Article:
Armenia Does Not Want Turkey And Western World Have Good Relations


Echorouk Al Yaoumi, Algeria
July 30 2007

The armenians and after they secured good ties with the Siniora’s
Lebanon, is trying to put pressure on the western world for the
"good ties" it dared having with Ankara.

The former USSR republic criticized NATO and the European Union on
Friday for turning a blind eye to Turkey’s long-running blockade of its
borders, saying Ankara’s refusal to open land routes was costing the
small, landlocked state a third of its Gross Domestic Product (GDP).

"Europeans are shy over these issues. They love to talk about human
rights, about democratic values but it’s much easier to talk rather
than to implement anything," Prime Minister Serzh Sarksyan told
Reuters in an interview.

Turkey shut its borders to Christian Armenia in 1993 to protest against
the capture by Armenian forces of territory inside Azerbaijan, Ankara’s
historic Muslim ally, during fighting over the Nagorno-Karabakh region

Ankara says it will not reopen its frontier until Armenia reaches a
peace agreement with Azerbaijan.

The blockade, coupled with similar measures by Azerbaijan, means
Armenia has to route its trade through its land border with Georgia,
or over treacherous mountain passes that link it to Iran. Those
difficulties greatly increase costs.

Sarksyan said Armenia wanted to resume relations with Turkey without
preconditions and would not obstruct Turkey’s desire to join the EU
because this might make Ankara "more predictable".

"Although NATO officials tell us that Turkey is predictable as it’s a
member of NATO, I don’t believe it because even before our blockade
Turkey was a member of NATO when it occupied Cyprus," the prime
minister added.

Armenia and Turkey have a long history of enmity, arising from the
killings of up to 1.5 million Armenians under the Ottoman empire
in 1915-17.

Armenians and some European nations describe the deaths as genocide.

Turkey says they were part of a partisan conflict during World War
One. It is a crime in Turkey to refer to the killings as a genocide.


Sarksyan, tipped by analysts as a likely future president of Armenia,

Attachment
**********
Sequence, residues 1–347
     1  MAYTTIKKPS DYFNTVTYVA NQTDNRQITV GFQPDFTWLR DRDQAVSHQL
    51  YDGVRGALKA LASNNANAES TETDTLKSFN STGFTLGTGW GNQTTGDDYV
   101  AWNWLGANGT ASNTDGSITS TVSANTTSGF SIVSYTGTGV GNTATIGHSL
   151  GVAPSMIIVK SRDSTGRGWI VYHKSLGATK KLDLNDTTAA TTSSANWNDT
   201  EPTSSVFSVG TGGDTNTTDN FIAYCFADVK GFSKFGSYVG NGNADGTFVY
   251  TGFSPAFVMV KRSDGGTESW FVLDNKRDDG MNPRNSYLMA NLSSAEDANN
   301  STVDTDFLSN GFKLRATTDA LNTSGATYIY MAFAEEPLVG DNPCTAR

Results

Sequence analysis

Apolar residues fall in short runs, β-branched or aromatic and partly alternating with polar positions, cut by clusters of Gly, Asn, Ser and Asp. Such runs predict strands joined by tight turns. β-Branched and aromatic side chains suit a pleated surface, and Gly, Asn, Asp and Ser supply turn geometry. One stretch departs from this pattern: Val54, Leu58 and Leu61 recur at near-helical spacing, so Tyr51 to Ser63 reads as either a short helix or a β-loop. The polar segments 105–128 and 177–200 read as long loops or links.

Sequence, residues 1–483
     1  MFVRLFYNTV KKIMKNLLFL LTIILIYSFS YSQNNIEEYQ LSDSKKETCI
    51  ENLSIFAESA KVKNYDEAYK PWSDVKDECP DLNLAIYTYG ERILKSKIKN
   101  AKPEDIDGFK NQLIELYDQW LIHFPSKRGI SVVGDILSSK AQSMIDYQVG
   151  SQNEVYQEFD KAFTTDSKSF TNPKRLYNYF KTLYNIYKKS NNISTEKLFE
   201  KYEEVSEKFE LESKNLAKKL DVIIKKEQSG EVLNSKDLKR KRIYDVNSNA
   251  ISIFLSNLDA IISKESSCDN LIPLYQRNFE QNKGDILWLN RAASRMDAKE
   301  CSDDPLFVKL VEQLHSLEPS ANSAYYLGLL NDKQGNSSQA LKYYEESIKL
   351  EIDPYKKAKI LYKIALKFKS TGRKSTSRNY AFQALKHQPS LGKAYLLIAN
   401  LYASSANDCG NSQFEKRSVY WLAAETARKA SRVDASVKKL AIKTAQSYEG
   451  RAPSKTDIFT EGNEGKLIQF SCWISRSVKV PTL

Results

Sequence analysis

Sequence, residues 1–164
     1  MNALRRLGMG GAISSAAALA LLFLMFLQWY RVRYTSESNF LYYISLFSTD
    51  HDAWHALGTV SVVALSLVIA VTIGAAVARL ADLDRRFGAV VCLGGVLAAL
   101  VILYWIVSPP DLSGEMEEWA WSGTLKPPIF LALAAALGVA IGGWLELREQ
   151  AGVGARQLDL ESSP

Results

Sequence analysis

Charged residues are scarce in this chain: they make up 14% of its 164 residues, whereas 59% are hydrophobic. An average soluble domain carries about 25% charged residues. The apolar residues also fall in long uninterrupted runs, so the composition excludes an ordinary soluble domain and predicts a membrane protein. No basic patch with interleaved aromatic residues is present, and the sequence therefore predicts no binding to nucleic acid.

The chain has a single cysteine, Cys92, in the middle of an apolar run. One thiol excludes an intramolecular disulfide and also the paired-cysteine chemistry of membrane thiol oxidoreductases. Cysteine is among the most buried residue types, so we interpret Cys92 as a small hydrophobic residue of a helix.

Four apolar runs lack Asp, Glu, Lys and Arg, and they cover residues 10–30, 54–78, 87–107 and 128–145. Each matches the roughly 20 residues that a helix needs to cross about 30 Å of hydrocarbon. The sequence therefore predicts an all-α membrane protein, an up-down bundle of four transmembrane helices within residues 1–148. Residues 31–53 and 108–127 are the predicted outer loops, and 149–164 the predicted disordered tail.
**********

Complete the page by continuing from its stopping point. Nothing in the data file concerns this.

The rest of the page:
said Armenia still needed help from its strategic ally Moscow to
defend itself. Russia has 5,000 troops stationed here.

"I do not think that the Turkish threat has disappeared and our Russian
military base is a guarantee against the Turkish threat," he added.

Sarksyan also said that if Western nations granted independence to
the Serbian province of Kosovo, they "could not fail to recognise"
the right of the majority Armenian territory of Nagorno-Karabakh
to self-determination.

Nagorno-Karabakh, a mountainous region located within Azerbaijan’s
internationally recognised borders, broke away from Azeri control
during a war in the 1990s and has proclaimed independence, though
this has not been accepted internationally.

Talks between Armenia and Azerbaijan over the future of
Nagorno-Karabakh have dragged on for years. A meeting between the
presidents of the two nations in St Petersburg last month ended with
no breakthrough.

The Azeris want Armenian forces to withdraw from all territory
surrounding Nagorno-Karabakh before starting substantial talks on
the enclave’s status.

"I see the solution of this issue based on compromise but I do not
see any steps or reactions from the Azeri side," Sarksyan said. "We
have done all we can".

Asked about his own political ambitions, Sarksyan said it was "likely"
he would be the presidential candidate of Armenia’s ruling Republican
party, although a final decision would not come until a party congress
in the autumn.

Armenia holds presidential elections next year and incumbent President
Robert Kocharyan cannot stand after serving two terms.

The elections that gave Kocharyan his second term in 2003 were marred
by allegations of ballot-stuffing although international monitors
deemed this year’s parliamentary elections won by Sarksyan’s party
an improvement.